I never knew what, exactly, until I began revisiting math on my own just these past few weeks. Because I'm so out of the loop mathematically, most of what I've been reading has consisted of material that talks about the intellectual history of various branches of mathematics, rather than articles that get too in-depth into, well, the mathematics of it all. And this, I discovered, is exactly what I'd been missing--qualitative writings that situate math's historical and philosophical development.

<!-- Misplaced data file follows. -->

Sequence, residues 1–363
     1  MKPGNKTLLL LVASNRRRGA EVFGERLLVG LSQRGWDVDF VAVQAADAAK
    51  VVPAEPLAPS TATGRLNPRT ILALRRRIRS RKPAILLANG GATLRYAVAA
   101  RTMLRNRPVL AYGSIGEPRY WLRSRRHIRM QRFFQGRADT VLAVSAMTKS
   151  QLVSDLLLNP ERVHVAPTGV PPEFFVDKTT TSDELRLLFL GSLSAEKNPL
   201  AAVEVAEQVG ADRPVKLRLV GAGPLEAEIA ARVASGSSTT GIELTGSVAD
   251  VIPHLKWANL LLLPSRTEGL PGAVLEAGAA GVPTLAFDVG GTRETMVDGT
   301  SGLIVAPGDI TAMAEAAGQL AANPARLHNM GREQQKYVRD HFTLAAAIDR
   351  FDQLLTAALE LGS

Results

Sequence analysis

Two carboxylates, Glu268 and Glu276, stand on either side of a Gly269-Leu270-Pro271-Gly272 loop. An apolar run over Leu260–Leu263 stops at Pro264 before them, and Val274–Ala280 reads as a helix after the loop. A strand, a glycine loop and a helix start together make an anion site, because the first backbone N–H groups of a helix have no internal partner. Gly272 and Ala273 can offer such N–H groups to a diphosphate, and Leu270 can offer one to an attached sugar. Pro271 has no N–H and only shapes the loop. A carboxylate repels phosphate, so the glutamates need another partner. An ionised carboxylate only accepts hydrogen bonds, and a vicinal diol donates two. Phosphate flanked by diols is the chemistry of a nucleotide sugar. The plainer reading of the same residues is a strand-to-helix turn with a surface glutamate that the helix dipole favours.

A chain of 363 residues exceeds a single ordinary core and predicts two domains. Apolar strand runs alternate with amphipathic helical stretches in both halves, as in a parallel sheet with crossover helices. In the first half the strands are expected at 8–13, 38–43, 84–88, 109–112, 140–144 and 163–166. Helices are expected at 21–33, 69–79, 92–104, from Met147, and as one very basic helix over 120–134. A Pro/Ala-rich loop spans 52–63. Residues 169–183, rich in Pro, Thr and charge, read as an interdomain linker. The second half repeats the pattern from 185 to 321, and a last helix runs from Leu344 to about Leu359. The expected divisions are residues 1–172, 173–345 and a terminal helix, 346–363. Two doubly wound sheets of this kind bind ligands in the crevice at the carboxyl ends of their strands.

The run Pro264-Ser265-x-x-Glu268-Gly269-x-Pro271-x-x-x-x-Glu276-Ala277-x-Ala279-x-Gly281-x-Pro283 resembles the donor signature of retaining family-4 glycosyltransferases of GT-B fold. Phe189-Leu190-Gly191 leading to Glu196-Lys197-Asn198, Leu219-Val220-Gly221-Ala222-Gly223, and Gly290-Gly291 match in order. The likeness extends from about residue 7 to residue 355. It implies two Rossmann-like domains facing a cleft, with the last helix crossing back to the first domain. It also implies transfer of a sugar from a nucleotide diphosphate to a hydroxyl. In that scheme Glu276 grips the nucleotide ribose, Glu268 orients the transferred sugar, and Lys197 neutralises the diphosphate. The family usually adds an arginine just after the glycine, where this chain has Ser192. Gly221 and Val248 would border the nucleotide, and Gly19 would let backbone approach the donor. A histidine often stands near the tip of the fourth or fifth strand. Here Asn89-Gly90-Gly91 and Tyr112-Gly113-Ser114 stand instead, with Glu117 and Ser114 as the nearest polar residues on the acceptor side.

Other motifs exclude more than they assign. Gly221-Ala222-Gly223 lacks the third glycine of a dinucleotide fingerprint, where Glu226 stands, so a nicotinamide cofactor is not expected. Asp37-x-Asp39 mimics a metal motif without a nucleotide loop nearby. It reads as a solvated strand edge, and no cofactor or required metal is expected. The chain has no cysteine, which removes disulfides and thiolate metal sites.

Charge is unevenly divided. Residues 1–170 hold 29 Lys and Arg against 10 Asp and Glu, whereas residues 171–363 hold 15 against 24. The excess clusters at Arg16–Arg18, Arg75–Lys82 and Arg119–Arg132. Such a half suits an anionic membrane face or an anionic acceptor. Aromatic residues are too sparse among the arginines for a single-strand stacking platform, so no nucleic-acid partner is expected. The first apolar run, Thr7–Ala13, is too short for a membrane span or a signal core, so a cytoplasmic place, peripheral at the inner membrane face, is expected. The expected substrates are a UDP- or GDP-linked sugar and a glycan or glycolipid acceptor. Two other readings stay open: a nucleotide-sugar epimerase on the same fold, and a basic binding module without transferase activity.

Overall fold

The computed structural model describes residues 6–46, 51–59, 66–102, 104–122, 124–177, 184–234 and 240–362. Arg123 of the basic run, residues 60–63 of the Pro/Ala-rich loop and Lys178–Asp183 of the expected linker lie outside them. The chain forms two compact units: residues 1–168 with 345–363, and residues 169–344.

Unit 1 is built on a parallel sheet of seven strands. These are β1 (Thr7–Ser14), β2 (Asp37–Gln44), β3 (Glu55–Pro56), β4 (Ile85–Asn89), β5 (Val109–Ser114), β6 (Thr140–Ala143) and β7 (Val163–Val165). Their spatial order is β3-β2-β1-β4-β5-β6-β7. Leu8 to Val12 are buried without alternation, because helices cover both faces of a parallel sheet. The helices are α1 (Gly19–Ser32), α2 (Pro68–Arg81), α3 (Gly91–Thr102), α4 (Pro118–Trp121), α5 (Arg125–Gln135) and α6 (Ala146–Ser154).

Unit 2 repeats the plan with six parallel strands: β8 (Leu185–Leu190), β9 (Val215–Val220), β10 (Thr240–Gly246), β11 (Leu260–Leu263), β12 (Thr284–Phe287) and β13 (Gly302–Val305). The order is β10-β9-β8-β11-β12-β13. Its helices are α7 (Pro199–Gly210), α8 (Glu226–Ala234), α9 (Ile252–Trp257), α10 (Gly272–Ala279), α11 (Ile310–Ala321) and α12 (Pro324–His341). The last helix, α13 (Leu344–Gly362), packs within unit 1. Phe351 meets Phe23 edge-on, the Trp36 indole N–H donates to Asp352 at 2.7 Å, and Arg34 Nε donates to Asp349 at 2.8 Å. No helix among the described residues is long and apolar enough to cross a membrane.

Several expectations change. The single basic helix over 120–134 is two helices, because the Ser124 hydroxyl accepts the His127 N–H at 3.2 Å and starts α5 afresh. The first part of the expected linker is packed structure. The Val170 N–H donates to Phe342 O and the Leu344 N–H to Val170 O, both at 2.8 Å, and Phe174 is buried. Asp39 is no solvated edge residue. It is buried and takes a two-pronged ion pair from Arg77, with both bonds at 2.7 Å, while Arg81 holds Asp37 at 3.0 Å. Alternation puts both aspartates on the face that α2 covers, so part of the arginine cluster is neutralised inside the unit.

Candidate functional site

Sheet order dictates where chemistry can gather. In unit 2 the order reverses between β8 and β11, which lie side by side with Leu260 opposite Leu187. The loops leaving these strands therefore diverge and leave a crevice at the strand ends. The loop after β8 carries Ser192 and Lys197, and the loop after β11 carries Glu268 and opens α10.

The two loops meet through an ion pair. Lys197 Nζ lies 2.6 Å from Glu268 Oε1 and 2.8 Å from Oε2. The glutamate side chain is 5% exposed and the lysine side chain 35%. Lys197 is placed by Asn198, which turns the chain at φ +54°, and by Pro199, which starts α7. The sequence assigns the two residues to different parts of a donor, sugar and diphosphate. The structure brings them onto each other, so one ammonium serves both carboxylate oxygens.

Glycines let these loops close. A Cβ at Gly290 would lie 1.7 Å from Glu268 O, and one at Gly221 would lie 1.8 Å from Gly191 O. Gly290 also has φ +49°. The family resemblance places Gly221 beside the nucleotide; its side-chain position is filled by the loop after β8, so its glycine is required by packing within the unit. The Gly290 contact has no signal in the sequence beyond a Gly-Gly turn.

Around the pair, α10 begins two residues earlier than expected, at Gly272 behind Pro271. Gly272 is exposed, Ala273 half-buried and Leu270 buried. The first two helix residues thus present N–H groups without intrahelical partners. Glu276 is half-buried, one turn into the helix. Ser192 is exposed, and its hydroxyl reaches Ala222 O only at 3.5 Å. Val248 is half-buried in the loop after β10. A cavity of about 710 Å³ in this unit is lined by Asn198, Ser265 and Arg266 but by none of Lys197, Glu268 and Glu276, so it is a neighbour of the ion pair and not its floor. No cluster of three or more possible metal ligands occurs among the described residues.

The funny thing is, I realize now that this type of material had been right in front of my face all along. I recall when I was in 12th grade being intrigued by the work of a student who, preceding me by a few years, had written a term paper on the number zero. "Zero has history?" I pondered. A few years later, when I was in college slogging through differential equations and applied linear algebra, I remember wishing I had the time to enroll in a course on the history of math, which my friend and roommate, who was not a math whiz, was taking at the time. The trouble was, history of math wouldn't count toward my math minor, since the department I was studying in considered it, I suppose, not a "real" math class. I've also been somewhat taken of late by the TV show Numbers, which features a young mathematics professor who uses his skills to solve crimes for the F.B.I. Okay--I don't love the show, but what I do like is the way in which it helps to situate mathematical problems in concrete scenarios. (I have no idea how accurate the math is on the show, so if any mathematicians are reading, feel free to chime in.)